Israel has recently been swept by a wave of, reportedly, over 250 large fires, which led to dozens of arrests on suspicion of arson. Tuesday night, hackers compromised two major Israeli news channels, unexpectedly interrupting the broadcast. The hackers then showed images of Muslim holy cities and suggested the recent wave of fires was divine retribution shown in their place.
The hack came before the Knesset – the Israeli parliament – voted on a bill that aimed to prevent the use of loudspeakers for religious purposes. The bill would restrict Muslim call to prayer- known as adhan – as these would be outlawed in mosques.
Programs on Channels 2 and 10 were interrupted for a brief period. During the interruption, images of Muslim holy cities were shown while the call to prayer could also be heard. The call to prayer is usually heard five times a day to market regular observance times.
A message in Hebrew also appeared on screen. It said “God is the greatest”, “God’s punishment” and “the fire that inflames the heart”, hence the correlation with the wave of wildfires in the country.
Channel 2 published images of the hackers’ message on Twitter:
האקרים השתלטו על שידורי מהדורת חדשות 2, ובמקום – שידרו קריאת מואזין pic.twitter.com/lCmDajZXh4
— חדשות 2 (@Channel2News) November 29, 2016
New Bill Highly Unpopular amongst Muslims
Israel’s new bill seeks to ban the use of loudspeakers for religious purposes. These are used by Muslims to announce times of prayer in the morning and at night, so the ban is highly unpopular amongst them.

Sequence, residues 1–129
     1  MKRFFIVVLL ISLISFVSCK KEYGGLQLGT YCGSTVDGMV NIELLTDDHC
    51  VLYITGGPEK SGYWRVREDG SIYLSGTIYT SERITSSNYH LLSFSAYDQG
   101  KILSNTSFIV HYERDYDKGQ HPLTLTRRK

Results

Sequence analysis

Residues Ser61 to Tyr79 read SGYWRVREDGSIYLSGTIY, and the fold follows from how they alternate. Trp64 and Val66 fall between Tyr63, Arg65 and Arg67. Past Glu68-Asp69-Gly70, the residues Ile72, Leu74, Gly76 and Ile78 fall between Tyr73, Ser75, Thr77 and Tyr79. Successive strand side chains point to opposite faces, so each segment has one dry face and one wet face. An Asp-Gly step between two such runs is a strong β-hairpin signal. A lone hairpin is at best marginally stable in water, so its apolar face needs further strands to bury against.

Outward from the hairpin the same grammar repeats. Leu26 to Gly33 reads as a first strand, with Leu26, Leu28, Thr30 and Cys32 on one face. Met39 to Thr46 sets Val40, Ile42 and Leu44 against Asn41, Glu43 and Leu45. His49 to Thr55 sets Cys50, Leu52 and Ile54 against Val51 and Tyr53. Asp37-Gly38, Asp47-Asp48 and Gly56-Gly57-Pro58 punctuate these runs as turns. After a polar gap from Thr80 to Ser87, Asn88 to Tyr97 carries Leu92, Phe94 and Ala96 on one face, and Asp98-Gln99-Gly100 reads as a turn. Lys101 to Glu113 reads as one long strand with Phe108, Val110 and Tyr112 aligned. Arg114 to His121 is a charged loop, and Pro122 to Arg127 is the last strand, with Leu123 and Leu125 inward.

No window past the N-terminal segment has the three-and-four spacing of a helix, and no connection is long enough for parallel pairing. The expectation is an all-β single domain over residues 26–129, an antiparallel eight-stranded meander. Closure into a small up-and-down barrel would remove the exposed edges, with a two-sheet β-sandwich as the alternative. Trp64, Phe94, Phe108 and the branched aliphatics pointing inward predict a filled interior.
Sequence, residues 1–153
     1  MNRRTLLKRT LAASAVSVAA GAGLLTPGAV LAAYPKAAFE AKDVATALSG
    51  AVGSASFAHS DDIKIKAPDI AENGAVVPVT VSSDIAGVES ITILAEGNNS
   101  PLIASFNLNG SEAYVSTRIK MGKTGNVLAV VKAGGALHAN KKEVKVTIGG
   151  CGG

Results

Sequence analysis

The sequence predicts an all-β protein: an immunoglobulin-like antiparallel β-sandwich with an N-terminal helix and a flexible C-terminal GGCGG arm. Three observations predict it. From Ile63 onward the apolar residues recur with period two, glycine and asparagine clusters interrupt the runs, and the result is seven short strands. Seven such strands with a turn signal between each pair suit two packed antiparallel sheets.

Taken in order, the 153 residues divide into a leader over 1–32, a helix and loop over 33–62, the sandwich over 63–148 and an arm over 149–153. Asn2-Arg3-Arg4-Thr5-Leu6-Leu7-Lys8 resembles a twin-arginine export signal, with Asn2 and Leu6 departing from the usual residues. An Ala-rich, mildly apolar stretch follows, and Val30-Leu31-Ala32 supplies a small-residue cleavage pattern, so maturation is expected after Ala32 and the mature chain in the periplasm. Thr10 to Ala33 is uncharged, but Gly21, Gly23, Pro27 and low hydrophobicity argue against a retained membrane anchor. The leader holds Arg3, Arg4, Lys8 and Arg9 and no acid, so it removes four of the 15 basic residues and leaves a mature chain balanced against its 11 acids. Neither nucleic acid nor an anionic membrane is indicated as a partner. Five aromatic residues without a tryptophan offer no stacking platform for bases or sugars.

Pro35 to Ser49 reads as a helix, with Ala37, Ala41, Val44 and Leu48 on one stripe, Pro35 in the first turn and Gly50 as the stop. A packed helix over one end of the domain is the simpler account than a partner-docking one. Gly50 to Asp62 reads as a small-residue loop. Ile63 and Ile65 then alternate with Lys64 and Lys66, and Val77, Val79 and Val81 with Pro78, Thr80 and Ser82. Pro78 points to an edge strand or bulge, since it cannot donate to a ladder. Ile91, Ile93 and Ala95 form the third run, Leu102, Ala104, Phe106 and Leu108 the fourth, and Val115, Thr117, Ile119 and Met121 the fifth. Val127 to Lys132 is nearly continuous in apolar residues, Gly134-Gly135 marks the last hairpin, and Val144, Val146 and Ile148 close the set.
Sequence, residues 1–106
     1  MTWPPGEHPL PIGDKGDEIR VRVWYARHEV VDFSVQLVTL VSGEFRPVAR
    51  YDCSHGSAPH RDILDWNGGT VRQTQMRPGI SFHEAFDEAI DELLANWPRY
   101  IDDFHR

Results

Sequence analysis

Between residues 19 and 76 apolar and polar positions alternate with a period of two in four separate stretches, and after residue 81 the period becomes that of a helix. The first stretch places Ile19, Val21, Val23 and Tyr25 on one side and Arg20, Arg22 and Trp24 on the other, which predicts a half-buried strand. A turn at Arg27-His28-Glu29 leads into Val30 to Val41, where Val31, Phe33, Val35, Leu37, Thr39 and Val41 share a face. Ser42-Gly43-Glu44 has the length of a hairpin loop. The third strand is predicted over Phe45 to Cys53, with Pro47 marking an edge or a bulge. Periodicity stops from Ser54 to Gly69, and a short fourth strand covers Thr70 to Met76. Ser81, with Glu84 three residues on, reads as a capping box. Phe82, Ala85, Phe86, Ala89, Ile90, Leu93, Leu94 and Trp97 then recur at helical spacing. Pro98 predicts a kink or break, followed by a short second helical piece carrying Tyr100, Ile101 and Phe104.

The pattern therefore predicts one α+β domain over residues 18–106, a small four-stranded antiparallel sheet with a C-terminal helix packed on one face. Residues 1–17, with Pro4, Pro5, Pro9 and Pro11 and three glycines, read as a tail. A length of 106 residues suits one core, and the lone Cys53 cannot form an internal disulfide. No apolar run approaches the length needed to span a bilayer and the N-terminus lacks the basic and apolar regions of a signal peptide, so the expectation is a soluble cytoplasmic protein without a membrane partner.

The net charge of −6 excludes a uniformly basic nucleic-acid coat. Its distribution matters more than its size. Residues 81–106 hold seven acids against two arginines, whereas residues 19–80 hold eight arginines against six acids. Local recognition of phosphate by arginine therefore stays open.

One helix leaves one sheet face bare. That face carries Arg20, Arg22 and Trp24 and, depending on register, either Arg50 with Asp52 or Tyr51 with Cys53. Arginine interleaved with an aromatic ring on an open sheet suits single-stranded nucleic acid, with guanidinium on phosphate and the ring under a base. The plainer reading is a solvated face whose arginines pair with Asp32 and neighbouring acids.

The bill is sponsored by the right-wing Jewish Home party, and cites noise pollution as the reason for the ban. Prime Minister Benjamin Netanyahu said:
I cannot count the times, they are simply too numerous, that citizens have turned to me from all parts of Israeli society, from all religions, with complaints about the noise and suffering caused them by the excessive noise coming to them from the public address systems of houses of prayer
A few locals have reported bans on the call to prayer in 3 mosques in the country’s capital of Jerusalem. The issue has been causing a lot of controversy. Regarding the bill, Yair Lapid, chairman of the center-left party Yesh Atid, said:
They want to insult Muslims — just insult them, without there being any tangible value — because it works well for them with their constituencies, with the Likud Central Committee, for the upcoming primaries
Critics have praised the fires on Twitter, claiming it was punishment against Israel.
Hackers Got to Israeli Institutions in the Past
This isn’t the first time hackers manage to breach Israeli cybersecurity. During a bombing campaign in 2014 that targeted Palestinian militants, pirates managed to control the military’s Twitter account.
Earlier than that, in 2012, an alleged group of Saudis and Palestinians from Gaza hacked major Israeli websites. These included those of the Tel Aviv stock exchange and of El Al, a major airline. The attack exposed tens of thousands of credit card details.
The country does have the ability to breach security as well. Last year, Hacked.com reported an Israeli security lab was using electromagnetic waves to extract private keys.
Image from Shutterstock.